Cooperative Research Units
Education, Research And Technical Assistance For Managing Our Natural Resources
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Dynamics of resilience in complex adaptive systems


May 2012 - December 2014


Ecosystems are a type of complex system, and as such share general rules of behavior with other types of complex adaptive systems. Research across a wide variety of disciplines has uncovered rules of system dynamics that address features of self-organization and emergence. Work in the field of ecology has proposed that resilience may be an emergent phenomenon of complex adaptive systems, and in particular, social-ecological systems. Resilience is the amount of disturbance a system can absorb or buffer while staying organized around the same key structures, processes, and functions. As our understanding of non-linear dynamics and complex systems has grown in recent years, the concept of resilience has exploded, and a great deal of work has been done to understand how resilience emerges and what system components and interactions comprise resilience.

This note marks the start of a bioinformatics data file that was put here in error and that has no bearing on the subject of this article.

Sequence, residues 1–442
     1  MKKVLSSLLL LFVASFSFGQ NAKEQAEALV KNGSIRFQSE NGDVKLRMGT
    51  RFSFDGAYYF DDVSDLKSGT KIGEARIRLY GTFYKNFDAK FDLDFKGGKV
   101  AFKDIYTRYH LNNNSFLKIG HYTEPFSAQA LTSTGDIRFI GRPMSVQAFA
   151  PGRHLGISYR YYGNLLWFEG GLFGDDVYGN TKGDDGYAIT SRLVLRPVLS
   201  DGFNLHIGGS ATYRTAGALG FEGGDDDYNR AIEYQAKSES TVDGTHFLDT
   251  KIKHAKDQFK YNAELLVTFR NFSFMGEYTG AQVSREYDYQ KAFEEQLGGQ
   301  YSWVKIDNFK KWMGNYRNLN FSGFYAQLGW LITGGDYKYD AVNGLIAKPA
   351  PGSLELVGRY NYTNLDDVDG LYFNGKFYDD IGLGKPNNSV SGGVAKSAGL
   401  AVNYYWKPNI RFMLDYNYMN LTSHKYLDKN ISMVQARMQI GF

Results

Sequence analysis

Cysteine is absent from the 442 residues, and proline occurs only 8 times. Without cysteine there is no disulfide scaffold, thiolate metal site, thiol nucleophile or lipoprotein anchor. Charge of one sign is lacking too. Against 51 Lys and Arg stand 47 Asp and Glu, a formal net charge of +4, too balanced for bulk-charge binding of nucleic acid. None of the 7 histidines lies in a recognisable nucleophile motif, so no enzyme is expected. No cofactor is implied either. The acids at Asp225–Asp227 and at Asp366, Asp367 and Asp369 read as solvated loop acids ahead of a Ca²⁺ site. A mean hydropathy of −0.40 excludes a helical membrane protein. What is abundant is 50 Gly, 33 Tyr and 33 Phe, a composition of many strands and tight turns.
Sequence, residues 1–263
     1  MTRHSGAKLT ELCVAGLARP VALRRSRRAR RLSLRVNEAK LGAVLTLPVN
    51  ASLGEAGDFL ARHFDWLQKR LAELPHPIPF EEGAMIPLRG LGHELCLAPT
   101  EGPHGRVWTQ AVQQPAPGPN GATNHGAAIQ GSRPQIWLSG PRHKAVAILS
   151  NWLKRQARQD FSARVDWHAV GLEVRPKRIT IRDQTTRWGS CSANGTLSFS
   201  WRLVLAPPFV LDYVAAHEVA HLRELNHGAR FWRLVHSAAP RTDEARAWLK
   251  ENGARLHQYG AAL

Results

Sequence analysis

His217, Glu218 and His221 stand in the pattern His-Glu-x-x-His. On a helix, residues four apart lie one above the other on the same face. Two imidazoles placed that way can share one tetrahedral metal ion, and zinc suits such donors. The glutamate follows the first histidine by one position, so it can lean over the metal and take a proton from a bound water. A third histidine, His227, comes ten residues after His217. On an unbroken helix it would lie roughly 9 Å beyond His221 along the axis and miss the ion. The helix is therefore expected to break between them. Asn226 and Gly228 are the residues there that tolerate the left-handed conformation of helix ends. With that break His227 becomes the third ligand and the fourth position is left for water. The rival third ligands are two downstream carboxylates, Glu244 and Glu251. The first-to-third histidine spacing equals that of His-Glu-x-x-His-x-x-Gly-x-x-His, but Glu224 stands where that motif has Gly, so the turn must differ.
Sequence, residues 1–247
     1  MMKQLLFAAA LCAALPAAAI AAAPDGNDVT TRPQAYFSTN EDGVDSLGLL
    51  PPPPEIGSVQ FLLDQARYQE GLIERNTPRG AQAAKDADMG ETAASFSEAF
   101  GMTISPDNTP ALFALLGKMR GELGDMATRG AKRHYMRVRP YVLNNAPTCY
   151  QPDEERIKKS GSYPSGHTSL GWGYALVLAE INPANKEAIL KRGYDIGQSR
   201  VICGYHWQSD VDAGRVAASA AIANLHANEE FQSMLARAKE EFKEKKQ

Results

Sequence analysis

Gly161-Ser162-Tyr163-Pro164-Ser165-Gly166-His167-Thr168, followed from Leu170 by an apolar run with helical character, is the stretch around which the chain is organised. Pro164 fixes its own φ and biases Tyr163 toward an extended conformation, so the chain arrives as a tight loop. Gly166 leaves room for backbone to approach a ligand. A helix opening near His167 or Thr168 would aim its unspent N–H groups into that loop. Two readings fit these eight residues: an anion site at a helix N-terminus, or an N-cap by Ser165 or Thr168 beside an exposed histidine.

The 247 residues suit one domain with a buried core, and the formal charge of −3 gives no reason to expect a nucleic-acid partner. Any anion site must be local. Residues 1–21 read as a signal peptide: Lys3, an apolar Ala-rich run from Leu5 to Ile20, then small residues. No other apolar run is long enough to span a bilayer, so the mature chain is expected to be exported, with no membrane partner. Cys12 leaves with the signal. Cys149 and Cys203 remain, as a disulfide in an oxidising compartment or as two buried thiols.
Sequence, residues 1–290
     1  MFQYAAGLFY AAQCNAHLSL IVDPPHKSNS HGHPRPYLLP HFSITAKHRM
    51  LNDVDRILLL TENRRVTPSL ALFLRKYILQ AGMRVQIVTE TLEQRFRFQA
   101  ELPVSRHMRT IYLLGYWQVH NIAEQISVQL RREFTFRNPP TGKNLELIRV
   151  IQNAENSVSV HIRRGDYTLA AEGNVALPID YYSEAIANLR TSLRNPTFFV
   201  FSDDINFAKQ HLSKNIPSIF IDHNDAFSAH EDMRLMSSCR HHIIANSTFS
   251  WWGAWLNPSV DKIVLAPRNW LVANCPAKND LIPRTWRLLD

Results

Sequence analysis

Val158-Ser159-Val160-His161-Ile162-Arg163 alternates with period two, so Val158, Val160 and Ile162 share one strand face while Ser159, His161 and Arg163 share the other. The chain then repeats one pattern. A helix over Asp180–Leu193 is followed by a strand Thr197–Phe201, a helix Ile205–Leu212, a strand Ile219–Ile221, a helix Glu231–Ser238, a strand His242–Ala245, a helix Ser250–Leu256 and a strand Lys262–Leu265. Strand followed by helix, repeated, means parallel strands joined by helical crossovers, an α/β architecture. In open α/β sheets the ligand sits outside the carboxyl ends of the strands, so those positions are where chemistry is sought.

One of the key findings is summarized in the cross-scale resilience model, which proposes that the distribution of species and the functions they represent within and across the scales of an ecosystem plays a key role in system resilience. While most previous work has been explicitly focused on social-ecological systems, there is some tantalizing evidence to suggest that resilience and the cross-scale model may also be applicable to other types of complex adaptive systems, such as economies.

In a more applied exploration of these ideas, the role of species abundance, coupled with their distribution of function, is an element of the cross-scale model that remains unexplored.

This project has two objectives.
1. Explore the cross-scale model in greater detail at both ends of the research spectrum, building the theoretical foundations of the cross-scale model and thus its applicability to other complex adaptive systems, in order to expand understanding of the cross-scale model to incorporate species’ abundances and potentially use it as a tool for resource managers to use for identifying impending regime shifts.
2. Focus on improving our understanding of the relationship between cross-scale distributions, species abundance, and regime shifts at a system level by using a comparison of a highly disturbed river basin system (the Lower Columbia River Basin, USA) against a less disturbed basin (the Fraser River Basin, Canada).


Current Staff

Federal Staff: 101

Masters Students: 234

Phd Students: 160

Post Docs: 60

University Staff: 268

5 Year Summary

Students graduated: 671

Scientific Publications: 1868

Presentations: 4326



Funding Agencies

  • USGS Powell Center


Cooperative Research Units Program Headquarters Cooperators

  1. U.S. Geological Survey